Sonata for Cello and Piano in A minor
Sonata for Cello and Piano in E minor, Op.35
Janne Fredens (cello)
Søren Rastogi (piano)
Recorded at the Musikhuset, Aarhus, June 24-27th, 2023
Reviewed by: Rob Pennock
Reviewed: January 2024
CD No: Our Recordings: CD, DXD, Flac and DSD downloads: 6.220683
Duration: 60 minutes
This album features works by four female composers whose works are little known because of misogyny and while the Sonatas have occasionally been recorded, this is the first time they have appeared together. The title refers to the period surrounding and including the First World War and presumably to add a touch of authenticity, the piano is a magnificent 1913 Bechstein, which makes modern, made in China Steinways, sound bland.
Henriëtta Bosmansʼ four movement Cello Sonata (1919) is richly late-Romantic with a hint of Brahms and Franck. It opens with an angular first subject in the cello over massive piano chords, an elegiac Più mosso second, which leads to a tempestuous development section. The Un poco allegretto second and Adagio third movements are full of melancholy with alluring flecks of chromaticism, while the Slavonic dance-like finales triumphant coda returns to the works opening.
Dora Pejačevićʼs Sonata (1913), which is also in four movements, is similarly romantic, with a touch of impressionism. I don’t find its more discursive language as appealing as Bosman’s, but some might argue its greater length and complexity brings more variety of expression. Whichever is the case, this is a distinctive voice, with a rich melodic gift and it is tragic that both these works aren’t better known.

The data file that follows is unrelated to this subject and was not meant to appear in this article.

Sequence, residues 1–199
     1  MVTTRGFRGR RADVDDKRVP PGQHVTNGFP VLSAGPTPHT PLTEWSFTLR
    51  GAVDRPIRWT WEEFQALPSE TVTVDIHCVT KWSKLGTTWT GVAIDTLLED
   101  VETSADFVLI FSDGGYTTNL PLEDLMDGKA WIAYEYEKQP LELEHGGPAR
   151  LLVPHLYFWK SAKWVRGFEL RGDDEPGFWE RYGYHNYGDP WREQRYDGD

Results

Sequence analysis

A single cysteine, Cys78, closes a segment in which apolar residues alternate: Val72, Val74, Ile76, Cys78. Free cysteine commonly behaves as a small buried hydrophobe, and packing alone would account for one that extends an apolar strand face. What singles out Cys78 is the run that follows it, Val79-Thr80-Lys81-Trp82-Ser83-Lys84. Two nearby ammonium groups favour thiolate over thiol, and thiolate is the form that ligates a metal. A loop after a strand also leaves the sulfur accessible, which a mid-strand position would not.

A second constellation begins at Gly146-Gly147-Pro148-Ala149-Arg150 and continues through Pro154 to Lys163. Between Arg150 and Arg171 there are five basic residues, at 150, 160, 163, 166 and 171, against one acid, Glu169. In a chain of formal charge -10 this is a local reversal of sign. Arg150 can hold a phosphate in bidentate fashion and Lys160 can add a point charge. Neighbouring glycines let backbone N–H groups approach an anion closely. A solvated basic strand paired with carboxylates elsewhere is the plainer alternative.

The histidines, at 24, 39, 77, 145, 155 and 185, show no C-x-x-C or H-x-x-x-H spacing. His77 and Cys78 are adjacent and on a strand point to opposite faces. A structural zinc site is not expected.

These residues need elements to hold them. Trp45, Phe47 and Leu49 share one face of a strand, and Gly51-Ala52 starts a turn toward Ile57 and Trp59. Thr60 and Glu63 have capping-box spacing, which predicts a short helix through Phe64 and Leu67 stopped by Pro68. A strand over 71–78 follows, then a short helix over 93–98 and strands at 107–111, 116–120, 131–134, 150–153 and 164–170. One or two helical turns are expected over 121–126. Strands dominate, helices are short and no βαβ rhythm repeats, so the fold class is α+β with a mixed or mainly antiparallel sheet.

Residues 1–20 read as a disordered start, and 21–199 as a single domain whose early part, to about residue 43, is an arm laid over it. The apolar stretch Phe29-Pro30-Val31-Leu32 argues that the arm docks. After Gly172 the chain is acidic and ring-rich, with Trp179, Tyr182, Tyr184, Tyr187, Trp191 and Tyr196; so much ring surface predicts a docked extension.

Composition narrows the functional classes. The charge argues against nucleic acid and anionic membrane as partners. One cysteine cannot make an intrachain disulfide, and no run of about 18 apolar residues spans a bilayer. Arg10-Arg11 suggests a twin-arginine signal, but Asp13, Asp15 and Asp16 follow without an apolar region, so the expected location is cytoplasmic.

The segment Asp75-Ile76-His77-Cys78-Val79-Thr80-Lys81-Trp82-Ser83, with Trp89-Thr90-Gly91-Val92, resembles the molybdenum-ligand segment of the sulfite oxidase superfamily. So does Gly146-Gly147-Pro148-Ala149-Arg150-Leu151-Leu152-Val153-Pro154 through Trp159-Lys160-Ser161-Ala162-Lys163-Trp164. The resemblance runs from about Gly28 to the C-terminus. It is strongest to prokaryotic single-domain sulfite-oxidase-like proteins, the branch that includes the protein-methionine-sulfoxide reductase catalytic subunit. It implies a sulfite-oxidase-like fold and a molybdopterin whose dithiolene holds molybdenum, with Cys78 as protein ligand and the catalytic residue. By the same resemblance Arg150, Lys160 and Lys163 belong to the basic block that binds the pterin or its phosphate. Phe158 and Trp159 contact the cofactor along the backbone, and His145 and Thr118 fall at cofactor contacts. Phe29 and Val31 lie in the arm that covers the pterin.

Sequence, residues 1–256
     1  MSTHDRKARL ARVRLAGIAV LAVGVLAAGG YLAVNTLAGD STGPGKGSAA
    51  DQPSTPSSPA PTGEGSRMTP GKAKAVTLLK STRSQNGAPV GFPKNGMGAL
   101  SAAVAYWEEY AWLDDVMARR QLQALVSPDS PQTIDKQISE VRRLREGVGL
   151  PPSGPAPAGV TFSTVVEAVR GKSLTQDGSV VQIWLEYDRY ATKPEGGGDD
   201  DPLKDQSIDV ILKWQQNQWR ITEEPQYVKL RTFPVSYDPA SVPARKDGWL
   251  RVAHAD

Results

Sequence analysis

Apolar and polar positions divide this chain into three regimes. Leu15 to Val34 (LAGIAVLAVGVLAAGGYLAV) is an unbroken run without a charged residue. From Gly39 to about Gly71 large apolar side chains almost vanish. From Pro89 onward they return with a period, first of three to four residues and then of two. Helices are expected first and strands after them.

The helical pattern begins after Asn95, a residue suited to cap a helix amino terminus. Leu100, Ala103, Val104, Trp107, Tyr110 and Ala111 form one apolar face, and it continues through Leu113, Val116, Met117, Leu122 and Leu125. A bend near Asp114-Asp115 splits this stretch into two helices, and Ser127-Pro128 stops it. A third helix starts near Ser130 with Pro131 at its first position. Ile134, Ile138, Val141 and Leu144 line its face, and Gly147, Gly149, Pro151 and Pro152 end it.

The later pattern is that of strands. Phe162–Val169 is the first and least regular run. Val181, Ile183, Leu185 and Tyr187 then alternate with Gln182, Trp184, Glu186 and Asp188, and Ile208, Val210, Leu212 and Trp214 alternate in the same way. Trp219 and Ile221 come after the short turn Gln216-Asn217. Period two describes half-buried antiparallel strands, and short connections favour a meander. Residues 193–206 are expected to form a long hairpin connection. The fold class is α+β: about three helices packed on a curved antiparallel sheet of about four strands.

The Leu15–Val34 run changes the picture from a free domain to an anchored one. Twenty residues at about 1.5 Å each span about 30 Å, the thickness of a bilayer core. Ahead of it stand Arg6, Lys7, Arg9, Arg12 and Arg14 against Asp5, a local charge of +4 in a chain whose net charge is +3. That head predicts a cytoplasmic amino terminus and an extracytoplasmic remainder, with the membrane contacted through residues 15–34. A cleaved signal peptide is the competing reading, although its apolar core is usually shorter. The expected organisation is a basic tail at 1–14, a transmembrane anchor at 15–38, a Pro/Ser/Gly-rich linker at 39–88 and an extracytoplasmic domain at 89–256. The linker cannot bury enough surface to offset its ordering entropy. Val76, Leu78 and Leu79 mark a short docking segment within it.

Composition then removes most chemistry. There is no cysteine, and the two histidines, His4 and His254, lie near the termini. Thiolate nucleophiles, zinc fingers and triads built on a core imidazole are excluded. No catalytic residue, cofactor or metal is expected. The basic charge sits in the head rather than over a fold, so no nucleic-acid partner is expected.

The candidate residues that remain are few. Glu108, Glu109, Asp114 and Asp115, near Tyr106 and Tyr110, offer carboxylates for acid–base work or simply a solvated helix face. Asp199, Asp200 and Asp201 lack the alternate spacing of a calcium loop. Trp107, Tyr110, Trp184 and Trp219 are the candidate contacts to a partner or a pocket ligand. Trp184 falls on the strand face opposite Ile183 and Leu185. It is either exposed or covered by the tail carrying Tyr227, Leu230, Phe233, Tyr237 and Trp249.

Lili Boulangerʼs exquisite Nocturne (1911) is an arrangement of her Pièce courte pour flûte et piano, as are the first two of her sister’s Trois pièces (1914). The third, Vite et nerveusement rythmé is a concise, virtuoso tour-de-force, quintessentially French take on Iberian dance forms. And again these works are shamefully neglected.
The performances are superb, with pitch perfect attack from Janne Fredens, who, without destroying the line, seems to speak as opposed to play the music and much can be said of her husband Søren Rastogi. The only criticism would be that the slow movement of the Pejačević is too fast.
OUR Recordings sent a DXD file, which the album was recorded in, which captures the generous, but not excessive, reverberation time of the Musikhuset, Aarhus. The overall and internal balance are perfect, the instrumental timbres beautifully recreated and the performers are there in front of you. The CD quality stream is also excellent, but when compared to the DXD, sounds rather flabby.